Rep. Massie: The bump stock ban is bad for everyone, not just gun owners

· December 20, 2018  
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bump stock in gun store
George Frey | Getty Images

The Trump administration’s recent decision to ban bump stock devices should concern you, even if you don’t own a bump stock or even a firearm, a conservative House member explains.

In an interview with Blaze Media, founding Second Amendment Caucus Chair Thomas Massie, R-Ky., explained how the recent decision sets terrible precedents for both gun owners and non-gun owners alike. The DOJ’s new ruling is factually incorrect about how bump stocks actually work. The agency said that the devices violate previous federal firearms laws because they supposedly “allow a shooter of a semiautomatic firearm to initiate a continuous firing cycle with a single pull of the trigger.

That’s not true. In reality, bump-firing a semi-automatic firearm still requires one trigger pull per round. The gun itself moves back and forth. And that doesn’t require a special stock to do.

Firepower 101: Bringing down the bump stock BS

Most politicians know nothing at all about bump stocks — they just know they want to ban them! Here are the facts.

Posted by Capitol Hill Brief on Thursday, March 15, 2018

“They started with the conclusion and changed the facts to match the conclusion that they wanted,” Massie said.

Massie also expressed his frustration that the decision was made without involving the legislative branch and said that he believes that House leadership asked the administration to do it in order to save elected Republicans from making a hard decision.

“I think they wanted to insulate members of the Republican conference that would have voted for a bump stock ban or would have voted against,” Massie said, adding that lawmakers “just didn’t want to be on record” on the issue.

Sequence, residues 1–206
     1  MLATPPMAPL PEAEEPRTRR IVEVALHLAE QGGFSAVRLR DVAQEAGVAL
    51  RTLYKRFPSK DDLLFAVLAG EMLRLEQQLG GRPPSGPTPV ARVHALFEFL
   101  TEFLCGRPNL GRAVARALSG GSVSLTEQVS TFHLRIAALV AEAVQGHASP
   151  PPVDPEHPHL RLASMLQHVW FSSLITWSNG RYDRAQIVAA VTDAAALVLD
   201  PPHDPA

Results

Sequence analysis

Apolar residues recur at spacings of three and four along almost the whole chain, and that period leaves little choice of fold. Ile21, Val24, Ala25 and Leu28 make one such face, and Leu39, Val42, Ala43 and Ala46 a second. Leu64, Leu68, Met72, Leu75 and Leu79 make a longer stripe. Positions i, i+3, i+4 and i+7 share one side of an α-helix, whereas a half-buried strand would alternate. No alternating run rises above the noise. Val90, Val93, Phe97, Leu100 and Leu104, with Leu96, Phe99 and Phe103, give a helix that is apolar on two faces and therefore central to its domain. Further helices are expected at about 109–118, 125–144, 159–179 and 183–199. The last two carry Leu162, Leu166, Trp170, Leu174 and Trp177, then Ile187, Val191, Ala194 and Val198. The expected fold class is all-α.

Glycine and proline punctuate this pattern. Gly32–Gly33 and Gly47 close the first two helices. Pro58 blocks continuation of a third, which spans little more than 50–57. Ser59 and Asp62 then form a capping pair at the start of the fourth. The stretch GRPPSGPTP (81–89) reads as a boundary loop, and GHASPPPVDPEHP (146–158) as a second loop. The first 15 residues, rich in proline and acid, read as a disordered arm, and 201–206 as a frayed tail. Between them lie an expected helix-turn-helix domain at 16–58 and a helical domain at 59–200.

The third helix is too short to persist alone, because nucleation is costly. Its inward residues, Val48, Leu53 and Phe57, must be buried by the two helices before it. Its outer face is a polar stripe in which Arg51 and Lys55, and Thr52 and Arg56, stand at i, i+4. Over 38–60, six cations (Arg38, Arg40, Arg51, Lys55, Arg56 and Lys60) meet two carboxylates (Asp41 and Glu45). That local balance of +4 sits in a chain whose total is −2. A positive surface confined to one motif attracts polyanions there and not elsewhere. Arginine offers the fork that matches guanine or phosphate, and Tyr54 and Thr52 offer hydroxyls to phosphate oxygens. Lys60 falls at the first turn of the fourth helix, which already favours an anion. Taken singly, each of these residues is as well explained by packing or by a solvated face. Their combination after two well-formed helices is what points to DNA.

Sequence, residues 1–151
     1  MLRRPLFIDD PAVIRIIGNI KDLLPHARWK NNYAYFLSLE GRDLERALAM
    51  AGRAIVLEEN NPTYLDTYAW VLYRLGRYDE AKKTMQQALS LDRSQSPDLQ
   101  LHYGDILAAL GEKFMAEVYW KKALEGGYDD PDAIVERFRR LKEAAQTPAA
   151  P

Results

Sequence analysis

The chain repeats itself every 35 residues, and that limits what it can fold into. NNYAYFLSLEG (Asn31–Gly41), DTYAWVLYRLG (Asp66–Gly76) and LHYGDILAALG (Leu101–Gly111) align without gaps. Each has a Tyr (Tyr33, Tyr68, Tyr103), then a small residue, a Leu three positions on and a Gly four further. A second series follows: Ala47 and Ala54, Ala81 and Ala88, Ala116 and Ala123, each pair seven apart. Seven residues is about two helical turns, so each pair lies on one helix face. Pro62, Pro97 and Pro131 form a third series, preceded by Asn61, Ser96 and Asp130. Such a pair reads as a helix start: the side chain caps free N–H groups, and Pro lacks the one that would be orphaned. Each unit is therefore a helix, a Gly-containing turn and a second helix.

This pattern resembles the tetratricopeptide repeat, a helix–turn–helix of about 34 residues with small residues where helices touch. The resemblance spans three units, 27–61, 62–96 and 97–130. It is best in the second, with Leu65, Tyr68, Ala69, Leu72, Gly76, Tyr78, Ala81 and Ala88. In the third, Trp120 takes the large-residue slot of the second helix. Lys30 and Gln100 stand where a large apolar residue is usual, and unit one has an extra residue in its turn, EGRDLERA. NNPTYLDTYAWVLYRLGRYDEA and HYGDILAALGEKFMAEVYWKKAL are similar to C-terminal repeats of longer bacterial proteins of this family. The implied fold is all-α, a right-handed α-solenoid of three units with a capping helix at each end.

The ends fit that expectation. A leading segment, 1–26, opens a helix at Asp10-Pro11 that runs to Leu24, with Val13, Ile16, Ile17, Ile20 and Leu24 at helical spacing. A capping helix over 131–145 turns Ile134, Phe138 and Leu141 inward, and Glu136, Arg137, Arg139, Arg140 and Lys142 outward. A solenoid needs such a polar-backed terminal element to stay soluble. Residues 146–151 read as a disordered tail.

Massie also said that banning the devices in reaction to their possible involvement in the 2017 Las Vegas shooting is premature, given that Congress still hasn’t been given all the information on what actually happened.

“We typically get briefing on things like that,” Massie said. “I’ve never seen a report on if any of the weapons in Vegas were actually modified to full auto instead of using a bump stock, which I suspect they were.”

But the biggest issue that affects people without guns is the kind of precedent that it sets for property rights, Massie explained.

“Even when the Democrats accomplished the so-called assault weapons ban in 1994, they allowed people to keep them, and they allowed them to be sold,” Massie said. By contrast, he added, the new ruling sets a precedent “that your property can be claimed because the executive branch changes its interpretation of a law that it had already ruled on multiple times.”

“And there’s no compensation, which is another concern of mine,” Massie continued, saying that “even the boldest Democrats” in favor of firearms confiscation measures understand “that they should be paid for.”

“It’s sort of an American principle that the government doesn’t take your stuff without compensating you,” the Kentucky congressman remarked.

However, in its ruling, the DOJ said that it doesn’t have the funds to compensate people whose bump stocks will be confiscated and that it doesn’t have congressional authorization to do so.

“I find it ironic that they feel empowered and authorized to change the law which they’ve already interpreted,” Massie said, “and then they say they can’t pay for them because they don’t have the authority.”

In conclusion, Massie told me that people shouldn’t overlook the implications of a ruling like this just because they don’t care about the fate of something that used to be a novelty firearms accessory until last year’s horrific murders in Las Vegas.

“I’m no fan of bump stocks; I think they waste ammunition and cause you to shoot inaccurately,” Massie explained with a laugh. However, “the precedent that this sets — allowing the executive branch to ban something that was legally acquired and then confiscate it and destroy it without compensation — is a horrible one.”

“Even if they were doing it in a different domain, it would be a horrible precedent,” he added, “but to have it in this domain, firearms, makes it much worse.”


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Author: Nate Madden

Nate Madden is CRTV’s congressional correspondent. Follow him @NateMaddenCRTV or send tips to [email protected].